The neurologist always collaborates with your family doctor, so that the control of the treatment and the monitoring of the evolution of your disease is guaranteed.

When someone recommends that we go to a neurologist, be it another health professional or a relative or acquaintance, it generates a feeling of uneasiness, fear, uneasiness because we usually associate Neurology with a serious disorder, an irreversible disorder, a degenerative disorder, a disorder that causes dependency. But this is not so.

Always before the appearance of the first symptoms and with information about the time of discomfort, the frequency of discomfort and the existence of other accompanying symptoms, so that the neurologist can individualize neurological care and our discomfort or disease is mitigated from the best possible way and we can enjoy a higher quality of life.

FAQS: How neurologist work?

Why would you need to see a neurologist?

The main reason for consulting a neurologist is the suspicion that there is a pathology related to a failure in the nervous system. The problem with these pathologies is that there is a wide range of associated symptoms and, in turn, neurological diseases are multiple.

How long does it take to see a neurologist?

The appointment with the neurologist can last up to 1 hour if no additional tests are required. The professional will perform the physical tests, ask about your symptoms and consult your medical history.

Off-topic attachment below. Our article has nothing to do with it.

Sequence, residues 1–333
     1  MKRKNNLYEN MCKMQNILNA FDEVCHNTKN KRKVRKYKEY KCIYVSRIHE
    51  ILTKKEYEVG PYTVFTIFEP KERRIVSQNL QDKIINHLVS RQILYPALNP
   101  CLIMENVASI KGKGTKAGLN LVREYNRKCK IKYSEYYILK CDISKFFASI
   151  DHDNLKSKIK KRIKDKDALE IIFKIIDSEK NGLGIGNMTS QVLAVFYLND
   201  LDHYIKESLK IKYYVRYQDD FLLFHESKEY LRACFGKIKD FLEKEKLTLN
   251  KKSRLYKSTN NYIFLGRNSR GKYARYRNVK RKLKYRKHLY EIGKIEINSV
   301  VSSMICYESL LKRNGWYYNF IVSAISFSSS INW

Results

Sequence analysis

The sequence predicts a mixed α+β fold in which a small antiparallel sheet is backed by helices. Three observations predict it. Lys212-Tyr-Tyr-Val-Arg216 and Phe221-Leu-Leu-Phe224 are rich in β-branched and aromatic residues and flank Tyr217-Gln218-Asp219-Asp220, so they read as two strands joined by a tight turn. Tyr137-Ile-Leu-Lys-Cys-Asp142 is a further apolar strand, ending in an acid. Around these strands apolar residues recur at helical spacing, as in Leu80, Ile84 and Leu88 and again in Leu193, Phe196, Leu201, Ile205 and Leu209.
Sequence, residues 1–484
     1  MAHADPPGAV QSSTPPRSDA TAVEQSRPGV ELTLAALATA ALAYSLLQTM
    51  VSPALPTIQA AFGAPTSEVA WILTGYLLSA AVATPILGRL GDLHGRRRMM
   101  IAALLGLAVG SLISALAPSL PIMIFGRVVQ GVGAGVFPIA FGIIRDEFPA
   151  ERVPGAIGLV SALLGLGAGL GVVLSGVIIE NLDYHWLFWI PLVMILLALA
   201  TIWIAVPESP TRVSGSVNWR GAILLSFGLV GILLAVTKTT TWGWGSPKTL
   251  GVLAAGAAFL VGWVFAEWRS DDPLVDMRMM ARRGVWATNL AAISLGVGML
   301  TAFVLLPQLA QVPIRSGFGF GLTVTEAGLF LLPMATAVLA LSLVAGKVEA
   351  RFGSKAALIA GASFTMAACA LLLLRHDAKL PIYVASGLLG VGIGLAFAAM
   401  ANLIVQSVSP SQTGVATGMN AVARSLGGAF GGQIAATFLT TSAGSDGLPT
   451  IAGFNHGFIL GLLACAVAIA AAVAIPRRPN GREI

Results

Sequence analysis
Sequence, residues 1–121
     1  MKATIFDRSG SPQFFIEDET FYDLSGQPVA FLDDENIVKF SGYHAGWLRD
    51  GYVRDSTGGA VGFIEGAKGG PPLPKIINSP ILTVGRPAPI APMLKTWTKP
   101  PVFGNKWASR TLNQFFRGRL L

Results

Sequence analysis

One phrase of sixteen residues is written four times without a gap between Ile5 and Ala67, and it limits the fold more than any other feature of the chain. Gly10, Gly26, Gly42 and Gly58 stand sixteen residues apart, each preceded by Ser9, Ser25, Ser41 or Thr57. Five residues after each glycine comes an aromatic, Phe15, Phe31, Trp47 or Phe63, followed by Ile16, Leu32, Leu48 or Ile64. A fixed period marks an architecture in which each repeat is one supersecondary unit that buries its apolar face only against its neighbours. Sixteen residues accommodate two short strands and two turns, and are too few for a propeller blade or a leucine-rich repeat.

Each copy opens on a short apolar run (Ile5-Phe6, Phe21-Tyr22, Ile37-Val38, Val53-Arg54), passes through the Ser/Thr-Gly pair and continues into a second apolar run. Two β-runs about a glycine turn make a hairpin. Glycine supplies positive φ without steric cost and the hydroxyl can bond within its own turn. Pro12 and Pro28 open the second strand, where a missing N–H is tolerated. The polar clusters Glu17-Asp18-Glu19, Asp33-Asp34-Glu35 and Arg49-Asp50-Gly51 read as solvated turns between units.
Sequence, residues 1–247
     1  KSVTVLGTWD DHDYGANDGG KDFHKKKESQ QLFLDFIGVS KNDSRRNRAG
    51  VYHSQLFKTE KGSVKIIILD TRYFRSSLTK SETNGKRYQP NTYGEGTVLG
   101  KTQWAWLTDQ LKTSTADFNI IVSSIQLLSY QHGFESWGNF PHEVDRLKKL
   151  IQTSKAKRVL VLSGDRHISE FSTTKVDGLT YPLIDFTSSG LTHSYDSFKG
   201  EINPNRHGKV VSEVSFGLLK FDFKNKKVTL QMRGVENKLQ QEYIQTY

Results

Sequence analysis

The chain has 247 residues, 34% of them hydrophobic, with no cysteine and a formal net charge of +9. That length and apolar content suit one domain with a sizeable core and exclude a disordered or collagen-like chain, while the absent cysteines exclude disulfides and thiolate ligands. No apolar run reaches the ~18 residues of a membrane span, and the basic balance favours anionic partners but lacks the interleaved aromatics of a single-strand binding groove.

How does a neurologist diagnose?

Initially, at your first appointment with the neurologist, you will have a physical and neurological exam. Evaluating mainly muscle strength, reflexes and coordination. If the results of the neurological exam are not normal, the neurologist will order more tests such as a blood test or imaging study.

Can you go straight to a neurologist?

Many patients come to the neurologist’s office referred by the family doctor. However, you can also make an appointment directly with the specialist doctor.

How does a neurologist check for nerve damage?

The neurologist recommends evaluations such as electromyography (EMG) and nerve conduction velocity (CNV) tests to determine if there is nerve damage.

In this post we answered the question ‘’How neurologist work?’’ We explained what neurologists do, what diseases they treat and the importance of their specialty. 

Have you already discovered the functions of the neurologist?

If you have any questions or comments please let us know!

References

Larner, A., Farmer, S.F. (1999) “Neurology”. BMJ Clinical Research.

Taylor, L., Lukas, R., Safdieh, J.E., Sigsbee, B. (2012) “Subspecialization in neurology: the role of the United Council for Neurologic Subspecialties”. Neurology.